What Happens if We Just Ask Questions?

February 23, 2012, 6:48 am

Someone asked me recently what was the one thing that’s changed the most about my teaching over the last 10 years. My response was that I’m a lot more likely now than I was in 2002 to organize my classes around asking and answering questions rather than covering material. Here’s one reason why.

The weekly Mathematica labs that we have in my Calculus 3 class are set up so that some background material (usually a combination of math concepts and new Mathematica commands) is presented in the lab handout followed by some situations centered around questions, the answers to which are likely to involve Calculus 3 and Mathematica. I said likely, not inevitably. There is no rule that says students must use Calculus 3 to answer the question. The only rules are: (1) the entire solution has to be done in a Mathematica notebook, and (2) the solutions have to be clear, convincing, and mathematically correct.

What’s been good about this approach is that promotes an ownership mindset of the mathematics in the class. Students get very creative and engaged when they have some say in the proceedings and it’s not just parroting what they learned in class. The lab problems are created so that they apply what we’ve learned in class, but often students will find some creative workaround.

For example, we recently finished a chapter on vector functions, and the lab for the week was on motion in space. In the pre-lab reading I defined velocity, speed, and acceleration when position is given as a vector function. The first problem on the lab included this question: Suppose a particle is moving through space with trajectory given by \(\mathbf{r}(t) = t^2 \mathbf{i} + (3 \sin t – t \cos t) \mathbf{j} + (\cos t + 4t \sin t) \mathbf{k}\). At what time is its speed at a maximum? This is a pretty basic question (almost to the point of being pseudo-contextual) and there is basically only one right answer. But that answer could be obtained from several different approaches .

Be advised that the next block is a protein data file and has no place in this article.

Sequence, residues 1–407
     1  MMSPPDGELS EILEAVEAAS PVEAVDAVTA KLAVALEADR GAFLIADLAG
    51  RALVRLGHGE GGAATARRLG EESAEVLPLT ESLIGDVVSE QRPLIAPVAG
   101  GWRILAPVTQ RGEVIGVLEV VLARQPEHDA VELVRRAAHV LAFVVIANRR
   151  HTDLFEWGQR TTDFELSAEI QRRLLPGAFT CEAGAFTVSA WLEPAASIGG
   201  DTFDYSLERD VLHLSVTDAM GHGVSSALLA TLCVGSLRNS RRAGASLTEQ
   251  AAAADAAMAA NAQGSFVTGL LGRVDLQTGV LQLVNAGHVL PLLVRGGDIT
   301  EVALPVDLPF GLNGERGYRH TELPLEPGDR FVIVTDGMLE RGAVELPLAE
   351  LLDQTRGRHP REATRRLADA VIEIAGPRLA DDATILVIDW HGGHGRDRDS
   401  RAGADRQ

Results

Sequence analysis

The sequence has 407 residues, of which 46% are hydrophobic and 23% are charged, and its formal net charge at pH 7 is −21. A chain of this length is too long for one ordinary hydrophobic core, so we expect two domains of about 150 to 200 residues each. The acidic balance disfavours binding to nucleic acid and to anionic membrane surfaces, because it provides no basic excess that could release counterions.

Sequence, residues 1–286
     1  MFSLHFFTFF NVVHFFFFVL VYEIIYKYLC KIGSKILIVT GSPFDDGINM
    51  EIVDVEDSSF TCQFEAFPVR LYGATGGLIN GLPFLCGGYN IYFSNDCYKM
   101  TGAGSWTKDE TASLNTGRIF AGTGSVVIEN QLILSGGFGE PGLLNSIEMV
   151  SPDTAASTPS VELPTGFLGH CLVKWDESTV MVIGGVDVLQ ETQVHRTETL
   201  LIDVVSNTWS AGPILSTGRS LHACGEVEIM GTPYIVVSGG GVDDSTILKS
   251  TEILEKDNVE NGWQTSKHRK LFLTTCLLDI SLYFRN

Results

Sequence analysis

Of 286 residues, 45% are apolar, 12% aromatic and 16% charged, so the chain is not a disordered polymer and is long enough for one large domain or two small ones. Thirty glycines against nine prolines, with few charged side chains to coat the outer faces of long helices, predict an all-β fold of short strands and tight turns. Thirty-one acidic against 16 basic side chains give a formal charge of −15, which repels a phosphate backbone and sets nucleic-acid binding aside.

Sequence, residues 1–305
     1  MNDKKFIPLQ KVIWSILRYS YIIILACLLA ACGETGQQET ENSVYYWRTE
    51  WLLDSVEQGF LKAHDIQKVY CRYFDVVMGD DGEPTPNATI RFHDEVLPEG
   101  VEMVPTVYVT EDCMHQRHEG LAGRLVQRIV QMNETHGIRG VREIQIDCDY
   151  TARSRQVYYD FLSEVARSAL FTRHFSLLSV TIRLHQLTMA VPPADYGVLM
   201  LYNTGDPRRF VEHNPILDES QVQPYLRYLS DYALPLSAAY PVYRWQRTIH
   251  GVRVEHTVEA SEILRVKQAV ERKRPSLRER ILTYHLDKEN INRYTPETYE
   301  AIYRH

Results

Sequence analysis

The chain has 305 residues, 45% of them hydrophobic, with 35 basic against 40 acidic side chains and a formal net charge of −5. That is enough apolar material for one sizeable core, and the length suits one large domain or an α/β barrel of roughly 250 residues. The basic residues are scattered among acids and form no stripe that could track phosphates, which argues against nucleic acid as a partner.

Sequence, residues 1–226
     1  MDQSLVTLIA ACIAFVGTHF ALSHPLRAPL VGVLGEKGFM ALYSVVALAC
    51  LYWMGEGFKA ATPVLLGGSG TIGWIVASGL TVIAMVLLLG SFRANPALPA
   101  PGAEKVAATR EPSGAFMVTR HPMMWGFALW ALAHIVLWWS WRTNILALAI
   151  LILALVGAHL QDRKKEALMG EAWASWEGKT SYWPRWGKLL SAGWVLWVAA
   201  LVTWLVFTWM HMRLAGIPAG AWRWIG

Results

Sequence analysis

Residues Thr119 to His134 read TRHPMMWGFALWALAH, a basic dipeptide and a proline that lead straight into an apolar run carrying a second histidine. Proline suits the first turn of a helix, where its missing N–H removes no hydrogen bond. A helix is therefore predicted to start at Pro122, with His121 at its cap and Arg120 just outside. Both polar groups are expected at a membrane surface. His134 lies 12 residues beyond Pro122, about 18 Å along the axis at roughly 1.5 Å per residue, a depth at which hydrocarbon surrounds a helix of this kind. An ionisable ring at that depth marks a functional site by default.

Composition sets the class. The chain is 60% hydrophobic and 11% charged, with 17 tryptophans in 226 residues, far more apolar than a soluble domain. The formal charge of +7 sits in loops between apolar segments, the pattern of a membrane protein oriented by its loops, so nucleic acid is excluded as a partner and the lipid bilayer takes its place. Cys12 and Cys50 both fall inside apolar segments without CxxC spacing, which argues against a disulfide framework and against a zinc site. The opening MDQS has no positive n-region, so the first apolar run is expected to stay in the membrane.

Several lab groups defined r[t] in Mathematica and then defined speed as a scalar function, and then they plotted it (click the image to enlarge):

You can see the global maximum around t = 9.5. But then they had to come to grips with the “clear, convincing, and correct” rule. If you just say that the time is around 9.5, which it obviously is, then is that convincing? How could you make this more convincing, or irrefutably convincing? And convincing to whom? These are the right questions to ask about graphs that purport to solve a problem.

Some groups took a numerical approach, using Mathematica’s Table command — which we did not discuss in class, so this had to have been discovered on their own somehow — and either defined speed as a scalar function as above and made a table for it, or in one group’s case, made a table for the average rate of change in position from \(t\) to \(t + h\) and let \(h \to 0\). All the numerical groups made a graph of speed first to get a visual read on the general vicinity of the maximum before using the table to home in on the precise value.

And at least three groups went dumpster-diving through the Help system to look for Mathematica functions that might be useful, eventually stumbling across the FindMaximum command. Lest anyone thinks this is bypassing the mathematics to let the computer do the work, realize that the syntax for this function is not trivial. If you just use FindMaximum naively, it returns the local maximum for speed near t = 1.1. Students had to learn to eyeball the graph and feed it a starting value (probably because the function uses Newton’s Method or something similar). So even though Mathematica “did all the work”, students still had to think about whether the answer FindMaximum gave them made sense and then adjust their setup accordingly.

What struck me most about the work on this lab was that nobody — nobody! — did what the textbook wanted them to do, which was to take the derivative of speed, set it equal to 0, and then solved for t. That’s shocking! This is the canonical optimization method from Calculus 1, well within Mathematica’s skill set, and all students had to do in the lab is set up that calculation and hit Enter. Not only did nobody take this approach, only one group even considered it. When I asked the class about this later, they all remembered this technique when asked to recall it, but when given a problem in which it could be useful, it did not spring to mind. What does this say about our attempts to drill such algorithms into students?

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